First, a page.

A friend e-mailed me the link to Mother Teresa’s Crisis of Faith. Although they use the singular “crisis,” that one crisis was one she lived with for a long time.
I have to say that I have ample sympathy, not to mention empathy with people with doubts from time to time. I think God leaves us with an abundance of questions. Standing back and thinking in “theologian mode” that seems like an excellent scheme to make us grow spiritually. Living through it seems just simply annoying.
It does remind me how much I dislike prosperity theology. Besides promising people something that is false–not all, or even most, followers of Jesus will be wealthy–it also encourages people to deny doubts and troubles in order to appear to be “real, faith filled” Christians.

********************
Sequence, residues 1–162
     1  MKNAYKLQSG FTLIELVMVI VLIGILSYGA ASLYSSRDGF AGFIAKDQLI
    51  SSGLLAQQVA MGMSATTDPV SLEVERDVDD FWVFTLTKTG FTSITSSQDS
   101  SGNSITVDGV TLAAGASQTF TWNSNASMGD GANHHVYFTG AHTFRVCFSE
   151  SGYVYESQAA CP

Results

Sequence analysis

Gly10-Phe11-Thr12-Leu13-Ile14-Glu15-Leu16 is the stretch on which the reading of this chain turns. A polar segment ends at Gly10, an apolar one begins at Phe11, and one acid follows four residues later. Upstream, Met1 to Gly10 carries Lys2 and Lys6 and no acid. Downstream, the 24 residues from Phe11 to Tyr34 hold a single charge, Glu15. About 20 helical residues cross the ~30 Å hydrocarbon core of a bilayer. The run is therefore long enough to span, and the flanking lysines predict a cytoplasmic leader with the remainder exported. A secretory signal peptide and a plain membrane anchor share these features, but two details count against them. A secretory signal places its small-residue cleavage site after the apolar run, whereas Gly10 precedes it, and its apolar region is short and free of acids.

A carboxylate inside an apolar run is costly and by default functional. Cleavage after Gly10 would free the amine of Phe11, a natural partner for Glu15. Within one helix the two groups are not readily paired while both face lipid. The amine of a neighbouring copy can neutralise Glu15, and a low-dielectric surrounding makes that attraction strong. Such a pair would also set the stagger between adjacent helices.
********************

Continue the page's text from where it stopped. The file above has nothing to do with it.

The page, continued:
When our son was in his fight with cancer, from which he ultimately died at age 17, there were those who felt that if we had the right amount of faith, God would heal our son. It’s an interesting feeling to not only struggle with the reality of losing a child, but to also face the implicit accusation that it’s your fault because you don’t pray correctly or with enough faith.
I suspect the faith that is without any doubts of being shallow. Trust and endurance are separate things. Faith, however, is not so absolute as some would like to make it.